Mitigating the drawbacks of city centre life: managing pollution and open spaces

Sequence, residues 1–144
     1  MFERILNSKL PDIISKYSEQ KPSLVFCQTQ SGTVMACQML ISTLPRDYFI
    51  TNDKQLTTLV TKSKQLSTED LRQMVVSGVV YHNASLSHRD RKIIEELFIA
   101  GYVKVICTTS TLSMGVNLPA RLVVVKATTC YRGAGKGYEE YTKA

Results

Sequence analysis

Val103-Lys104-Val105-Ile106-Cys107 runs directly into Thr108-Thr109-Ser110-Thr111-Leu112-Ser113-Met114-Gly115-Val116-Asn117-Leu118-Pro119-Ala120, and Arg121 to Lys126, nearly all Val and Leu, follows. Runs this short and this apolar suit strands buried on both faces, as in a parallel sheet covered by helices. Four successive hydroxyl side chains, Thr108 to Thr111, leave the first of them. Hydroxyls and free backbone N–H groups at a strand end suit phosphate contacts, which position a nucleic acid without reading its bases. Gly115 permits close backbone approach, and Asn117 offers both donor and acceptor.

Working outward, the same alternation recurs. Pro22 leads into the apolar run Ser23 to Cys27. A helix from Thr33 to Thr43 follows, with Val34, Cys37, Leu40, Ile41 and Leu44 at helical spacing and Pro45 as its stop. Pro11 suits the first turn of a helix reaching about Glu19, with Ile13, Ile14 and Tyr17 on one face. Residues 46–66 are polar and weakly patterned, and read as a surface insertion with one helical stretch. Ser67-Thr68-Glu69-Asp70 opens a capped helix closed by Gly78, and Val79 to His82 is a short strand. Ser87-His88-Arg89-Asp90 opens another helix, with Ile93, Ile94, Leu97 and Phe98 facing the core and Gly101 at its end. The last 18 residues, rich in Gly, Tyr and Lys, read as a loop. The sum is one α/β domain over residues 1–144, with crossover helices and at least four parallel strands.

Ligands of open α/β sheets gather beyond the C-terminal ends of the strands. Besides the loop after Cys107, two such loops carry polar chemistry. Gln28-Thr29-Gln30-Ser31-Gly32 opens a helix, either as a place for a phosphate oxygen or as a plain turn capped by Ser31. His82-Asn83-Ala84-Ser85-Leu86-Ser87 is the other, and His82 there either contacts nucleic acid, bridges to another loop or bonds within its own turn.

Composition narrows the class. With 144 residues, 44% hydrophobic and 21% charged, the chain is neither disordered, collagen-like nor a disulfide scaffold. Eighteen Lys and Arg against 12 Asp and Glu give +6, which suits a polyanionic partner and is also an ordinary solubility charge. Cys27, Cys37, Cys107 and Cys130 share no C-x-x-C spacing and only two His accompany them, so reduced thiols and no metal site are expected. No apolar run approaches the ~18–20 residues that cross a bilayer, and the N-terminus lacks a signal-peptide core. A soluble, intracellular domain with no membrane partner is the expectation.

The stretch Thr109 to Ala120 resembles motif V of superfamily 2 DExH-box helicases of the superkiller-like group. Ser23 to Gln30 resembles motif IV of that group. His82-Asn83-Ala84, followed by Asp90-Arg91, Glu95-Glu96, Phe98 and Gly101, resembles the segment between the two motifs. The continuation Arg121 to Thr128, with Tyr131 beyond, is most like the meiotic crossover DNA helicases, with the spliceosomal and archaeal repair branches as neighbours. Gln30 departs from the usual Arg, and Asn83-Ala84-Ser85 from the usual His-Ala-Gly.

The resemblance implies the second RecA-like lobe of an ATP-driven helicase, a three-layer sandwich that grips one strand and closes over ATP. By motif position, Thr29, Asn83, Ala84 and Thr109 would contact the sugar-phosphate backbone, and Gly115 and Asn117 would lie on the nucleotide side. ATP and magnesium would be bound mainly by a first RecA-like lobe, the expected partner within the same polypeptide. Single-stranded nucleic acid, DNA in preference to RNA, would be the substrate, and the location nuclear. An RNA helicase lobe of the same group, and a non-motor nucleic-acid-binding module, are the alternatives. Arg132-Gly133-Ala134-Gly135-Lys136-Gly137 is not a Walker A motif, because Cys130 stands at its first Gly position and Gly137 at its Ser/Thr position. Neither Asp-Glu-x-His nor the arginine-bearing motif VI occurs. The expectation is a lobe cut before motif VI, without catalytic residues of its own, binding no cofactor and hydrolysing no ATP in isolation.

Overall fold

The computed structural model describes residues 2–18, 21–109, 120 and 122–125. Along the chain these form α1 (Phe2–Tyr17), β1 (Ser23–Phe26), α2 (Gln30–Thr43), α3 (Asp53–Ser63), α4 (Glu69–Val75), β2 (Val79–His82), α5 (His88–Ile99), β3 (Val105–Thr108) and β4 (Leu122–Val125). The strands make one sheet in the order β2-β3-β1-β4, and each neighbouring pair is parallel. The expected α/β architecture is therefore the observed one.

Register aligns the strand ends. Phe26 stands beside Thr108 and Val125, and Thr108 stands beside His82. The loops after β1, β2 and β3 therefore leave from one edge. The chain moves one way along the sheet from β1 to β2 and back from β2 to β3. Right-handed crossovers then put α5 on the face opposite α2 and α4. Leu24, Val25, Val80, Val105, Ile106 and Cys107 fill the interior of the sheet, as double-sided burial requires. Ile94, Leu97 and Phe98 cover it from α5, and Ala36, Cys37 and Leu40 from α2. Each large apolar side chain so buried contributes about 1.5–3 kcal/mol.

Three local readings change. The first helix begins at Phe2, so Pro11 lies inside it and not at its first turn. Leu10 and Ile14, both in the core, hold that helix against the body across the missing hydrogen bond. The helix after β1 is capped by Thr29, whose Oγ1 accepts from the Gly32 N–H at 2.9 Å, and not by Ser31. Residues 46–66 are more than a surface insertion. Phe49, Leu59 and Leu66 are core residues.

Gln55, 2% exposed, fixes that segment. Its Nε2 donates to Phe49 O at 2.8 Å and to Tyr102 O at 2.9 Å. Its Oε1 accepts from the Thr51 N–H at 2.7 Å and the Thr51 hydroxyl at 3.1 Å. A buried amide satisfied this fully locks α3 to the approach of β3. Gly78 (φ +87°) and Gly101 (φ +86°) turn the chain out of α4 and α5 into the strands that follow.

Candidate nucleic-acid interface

People live in city centres in order to capture the benefit of proximity to work and to restaurants and cultural facilities – and in doing so, they accept high levels of pollution, and a lack of access to green space. But as city centres grow, these drawbacks are likely to intensify, potentially becoming deterrents to city centre living – meaning that cities will need to think actively about how to mitigate them. Making landscaping and both public and private green spaces a part of new developments in city centres can not only offset some of the drawbacks of city centre living, but also improve residents’ perception of density, making more sustainable and economic use of space palatable to growing numbers of urban residents.34 And with road traffic emissions as the key cause of air pollution in cities,35 congestion charging, cycling strategies and investment in low-emission public buses can all be practical ways of improving air quality.